The Screening exercise is a preliminary check on the proposed policy/measure to help determine whether a CRWIA is required, and provide a record of that decision. The CRWIA screening asks for basic information about the policy/measure, but then asks you to consider how it will affect children and young people specifically. If the CRWIA goes no further than this stage, the completed Screening form is the document that you publish on the Scottish Government website. (SG Officials only)
Decisions about whether or not to do a CRWIA should take place as early as possible in the formation of the policy/measure and should involve the Deputy Director/Counter Signing Officer.
This is the best way of ensuring that children's rights and wellbeing influence the way in which the policy develops, and that Part 1 Children and Young People (Scotland) Act 2014 duties on Scottish Ministers are met.
Who takes part in the Screening exercise depends on the complexity and potential reach of the policy/measure under consideration. It is helpful to include all policy leads who may have an interest.
The Screening Sheet asks you to provide the following:
1. Brief summary of policy/measure
This section is looking for you to briefly describe the policy/measure aims and clarify what National Outcomes in the National Performance Framework it will contribute to.
2. What aspects of the policy/measure will affect children and young people up to age 18?
This section is looking for you to consider how your policy/measure will affect children and young people specifically.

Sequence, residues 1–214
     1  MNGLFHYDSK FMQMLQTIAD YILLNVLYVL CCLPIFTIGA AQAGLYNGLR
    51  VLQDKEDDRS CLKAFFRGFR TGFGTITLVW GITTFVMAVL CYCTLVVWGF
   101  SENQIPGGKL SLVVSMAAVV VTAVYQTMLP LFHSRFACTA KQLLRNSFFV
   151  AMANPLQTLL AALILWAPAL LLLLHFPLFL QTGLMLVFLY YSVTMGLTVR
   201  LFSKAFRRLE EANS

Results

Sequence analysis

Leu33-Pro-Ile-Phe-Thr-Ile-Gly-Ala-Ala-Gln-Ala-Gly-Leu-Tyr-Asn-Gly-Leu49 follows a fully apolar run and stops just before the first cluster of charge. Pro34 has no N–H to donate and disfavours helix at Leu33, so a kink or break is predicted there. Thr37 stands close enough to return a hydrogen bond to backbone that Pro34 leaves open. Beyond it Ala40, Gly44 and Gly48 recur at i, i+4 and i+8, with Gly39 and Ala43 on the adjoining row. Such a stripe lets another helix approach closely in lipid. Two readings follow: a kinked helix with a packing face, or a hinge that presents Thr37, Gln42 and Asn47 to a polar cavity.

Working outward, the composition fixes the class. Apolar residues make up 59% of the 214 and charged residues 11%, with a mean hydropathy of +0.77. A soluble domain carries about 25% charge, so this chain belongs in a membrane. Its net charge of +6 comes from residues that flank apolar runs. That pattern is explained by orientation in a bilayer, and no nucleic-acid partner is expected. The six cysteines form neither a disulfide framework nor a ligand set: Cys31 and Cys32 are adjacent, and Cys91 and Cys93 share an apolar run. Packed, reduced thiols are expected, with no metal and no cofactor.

3. What likely impact, direct or indirect, will the policy/measure have on children and young people?
Some policies/measures will have a direct and obvious impact on children and young people. However, where a policy/measure may have been developed without children as the main priority, a CRWIA can be of particular value and importance to assess any indirect impact.
Case example: Indirect impact on children and young people.
The Landlord Registration Statutory Guidance for Local Authorities CRWIA identifies two groups of children who are affected by sub-standard housing and rogue landlords in the private rented sector (PRS). Those directly affected are the young people renting in the PRS, the proportion of which has risen dramatically in recent years and is projected to increase further – although it is not possible to give precise figures for those aged 16 to 18. Those indirectly affected are children in families, an estimated quarter of PRS households, or around 90,000 in 2015. They are considered to be indirectly affected because they are not the named tenant or head of household.
4. Which groups of children and young people will be affected?
This can refer to any grouping of children or young people by a shared characteristic – not just age or setting but the circumstances in which they are living.
Case example: Groups of children and young people who will be affected